Spending any time away from your family — or not even really having a family — is traumatic for a child. The holidays are especially lonely. But because of the generous hearts of people throughout this community, our children get a few moments of joy each holiday season.

Recognizing a Total Team Effort

I am thrilled and humbled to have been recognized at today’s WE Celebrate, an awards event honoring women and women-owned businesses for their achievement, innovation, social responsibility and mentoring. More here:

What an inspiring event! There is a lot of tremendous work being done in this community by outstanding women. I am honored to be among the crowd and tremendously grateful to be chosen Social Media Innovator of the Year.

Once again, I want to say this is really a team effort. I cannot take credit for this. I especially thank my team for recognizing the benefits of social media for an organization like ours. As a non-profit, Hamilton County’s Department of Job and Family Services has to find inexpensive ways to get its messages to the public. This allows us to talk directly with our consumers, partners and the public.

Thanks again to everyone who helped in this effort!

Nearly 15 Years Later: Another Consolidation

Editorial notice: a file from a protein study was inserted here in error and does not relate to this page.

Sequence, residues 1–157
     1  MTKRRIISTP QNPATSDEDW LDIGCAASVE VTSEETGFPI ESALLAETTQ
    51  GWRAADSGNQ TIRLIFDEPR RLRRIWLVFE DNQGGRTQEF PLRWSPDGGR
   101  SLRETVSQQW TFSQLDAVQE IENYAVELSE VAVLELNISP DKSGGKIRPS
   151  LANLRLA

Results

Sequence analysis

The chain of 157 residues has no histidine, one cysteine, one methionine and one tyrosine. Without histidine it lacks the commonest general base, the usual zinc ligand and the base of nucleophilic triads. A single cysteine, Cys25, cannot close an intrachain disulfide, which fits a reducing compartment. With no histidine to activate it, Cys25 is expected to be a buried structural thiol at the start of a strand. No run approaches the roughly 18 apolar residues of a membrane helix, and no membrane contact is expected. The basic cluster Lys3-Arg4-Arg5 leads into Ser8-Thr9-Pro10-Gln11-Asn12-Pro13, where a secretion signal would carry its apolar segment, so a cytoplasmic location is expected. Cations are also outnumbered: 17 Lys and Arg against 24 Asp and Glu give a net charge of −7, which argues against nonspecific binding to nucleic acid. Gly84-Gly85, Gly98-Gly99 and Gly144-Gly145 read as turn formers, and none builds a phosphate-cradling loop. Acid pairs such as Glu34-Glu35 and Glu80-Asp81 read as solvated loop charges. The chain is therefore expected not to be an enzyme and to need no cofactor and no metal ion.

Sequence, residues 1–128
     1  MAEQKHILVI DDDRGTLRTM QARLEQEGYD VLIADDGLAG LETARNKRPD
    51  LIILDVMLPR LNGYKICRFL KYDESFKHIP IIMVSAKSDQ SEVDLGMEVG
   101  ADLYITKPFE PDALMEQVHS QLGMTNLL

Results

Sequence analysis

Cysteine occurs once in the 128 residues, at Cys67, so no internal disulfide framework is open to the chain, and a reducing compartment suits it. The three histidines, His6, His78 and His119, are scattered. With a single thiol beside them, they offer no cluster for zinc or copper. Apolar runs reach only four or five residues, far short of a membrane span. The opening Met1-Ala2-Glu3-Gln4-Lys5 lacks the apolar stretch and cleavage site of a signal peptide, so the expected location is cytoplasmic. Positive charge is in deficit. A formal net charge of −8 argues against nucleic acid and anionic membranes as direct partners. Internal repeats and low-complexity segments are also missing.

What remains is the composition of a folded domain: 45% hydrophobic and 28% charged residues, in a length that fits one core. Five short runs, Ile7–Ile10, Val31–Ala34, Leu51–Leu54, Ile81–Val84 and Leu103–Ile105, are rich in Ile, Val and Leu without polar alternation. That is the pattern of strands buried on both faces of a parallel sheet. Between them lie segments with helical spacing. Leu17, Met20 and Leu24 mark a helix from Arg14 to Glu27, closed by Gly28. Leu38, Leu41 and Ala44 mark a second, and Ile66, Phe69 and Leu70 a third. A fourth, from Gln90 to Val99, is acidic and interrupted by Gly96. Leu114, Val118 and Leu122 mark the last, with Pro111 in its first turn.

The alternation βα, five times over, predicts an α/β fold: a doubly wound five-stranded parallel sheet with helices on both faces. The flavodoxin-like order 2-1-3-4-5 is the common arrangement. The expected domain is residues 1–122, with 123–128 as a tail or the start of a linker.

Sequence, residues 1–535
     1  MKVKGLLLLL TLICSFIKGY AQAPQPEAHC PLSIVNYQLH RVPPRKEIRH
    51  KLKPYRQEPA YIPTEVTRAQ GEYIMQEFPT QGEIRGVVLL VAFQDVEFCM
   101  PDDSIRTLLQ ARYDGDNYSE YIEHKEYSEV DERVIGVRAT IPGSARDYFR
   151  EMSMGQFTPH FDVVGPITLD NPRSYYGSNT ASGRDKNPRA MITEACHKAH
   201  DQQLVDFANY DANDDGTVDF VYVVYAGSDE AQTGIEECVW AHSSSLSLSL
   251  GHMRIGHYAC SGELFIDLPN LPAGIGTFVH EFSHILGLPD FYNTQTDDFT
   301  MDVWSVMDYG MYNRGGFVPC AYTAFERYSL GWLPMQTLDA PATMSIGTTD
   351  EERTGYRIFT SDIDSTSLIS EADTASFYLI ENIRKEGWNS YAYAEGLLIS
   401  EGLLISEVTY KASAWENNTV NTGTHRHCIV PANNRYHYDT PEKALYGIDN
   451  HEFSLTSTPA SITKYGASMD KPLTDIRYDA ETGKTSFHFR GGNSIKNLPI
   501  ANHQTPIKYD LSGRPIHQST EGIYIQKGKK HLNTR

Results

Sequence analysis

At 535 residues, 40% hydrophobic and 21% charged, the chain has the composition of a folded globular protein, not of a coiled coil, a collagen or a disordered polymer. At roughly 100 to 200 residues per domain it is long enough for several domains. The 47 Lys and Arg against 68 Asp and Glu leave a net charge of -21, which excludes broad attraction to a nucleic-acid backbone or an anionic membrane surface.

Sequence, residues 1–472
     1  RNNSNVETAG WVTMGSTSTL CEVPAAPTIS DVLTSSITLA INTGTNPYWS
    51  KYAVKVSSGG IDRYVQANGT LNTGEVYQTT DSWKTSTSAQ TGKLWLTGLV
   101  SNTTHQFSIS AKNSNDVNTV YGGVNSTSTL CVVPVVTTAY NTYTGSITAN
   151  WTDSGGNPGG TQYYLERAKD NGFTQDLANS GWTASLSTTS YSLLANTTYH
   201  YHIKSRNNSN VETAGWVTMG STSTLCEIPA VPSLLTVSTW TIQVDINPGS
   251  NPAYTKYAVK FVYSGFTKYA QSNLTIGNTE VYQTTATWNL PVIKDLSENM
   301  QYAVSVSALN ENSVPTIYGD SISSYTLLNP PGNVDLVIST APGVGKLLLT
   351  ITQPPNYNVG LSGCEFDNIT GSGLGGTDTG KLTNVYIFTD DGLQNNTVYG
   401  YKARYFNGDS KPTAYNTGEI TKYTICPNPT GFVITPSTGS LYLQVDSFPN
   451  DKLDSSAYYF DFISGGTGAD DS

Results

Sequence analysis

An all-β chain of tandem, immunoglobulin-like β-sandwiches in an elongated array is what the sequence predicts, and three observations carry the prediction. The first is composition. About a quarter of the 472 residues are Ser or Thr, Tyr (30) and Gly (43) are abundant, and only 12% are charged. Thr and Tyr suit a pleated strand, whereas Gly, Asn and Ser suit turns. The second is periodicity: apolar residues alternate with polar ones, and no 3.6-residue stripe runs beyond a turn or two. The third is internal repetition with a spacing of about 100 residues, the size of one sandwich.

Fifteen years ago this month, we were laying the groundwork for a major move from 628 Sycamore St. and other scattered locations to 222 E. Central Parkway.

It was, by far, the largest move in the history of the Hamilton County Department of Job and Family Services (then called the Department of Human Services).

Now, we find ourselves in the midst of another big move.

We are relocating all staff from 237 William H. Taft Road a second major location that opened in 1998 to 222 E. Central Parkway. We are moving them downtown because it is no longer economically feasible to maintain an office that is used by too few of our clients. The economic recession has greatly reduced tax revenues, the source of our operating funds, and we are making tough decisions to live within our means and remain a vital force in this community.

We are continually adjusting and adapting to live within our resources and provide services to the public in the best way possible. We are an agency with more than 60 years of serving the community a resilient one that takes every step possible to carry out our important mission. We look forward to serving your needs well into the future.

2009: Challenging, busy year

I just finished writing my final column of the year for our agency newsletter. I summed up some of the challenges and highlights from 2009. I know it is long, but I thought you might be interested. Here it is:

This is the final Update of the year and my opportunity to summarize the agency’s accomplishments in 2009. I am more proud than ever to talk about the positive things we have done to help this community.

This has been, perhaps, the most difficult year in agency history. Deep funding cuts from the state forced us to re-evaluate personnel, programs, services and much more. We reduced our staff by more than 700 positions. We were forced to shed non-mandated services and cut back on those that are mandated. We prioritized and focused on our mission, our mandates and what we do best.